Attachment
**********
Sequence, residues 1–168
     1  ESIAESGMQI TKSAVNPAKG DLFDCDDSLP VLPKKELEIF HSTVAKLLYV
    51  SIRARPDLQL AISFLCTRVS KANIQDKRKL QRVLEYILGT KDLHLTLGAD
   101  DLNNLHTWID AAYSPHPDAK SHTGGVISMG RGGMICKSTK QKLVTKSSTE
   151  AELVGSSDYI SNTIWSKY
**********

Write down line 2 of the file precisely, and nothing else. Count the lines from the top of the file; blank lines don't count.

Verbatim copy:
     1  ESIAESGMQI TKSAVNPAKG DLFDCDDSLP VLPKKELEIF HSTVAKLLYV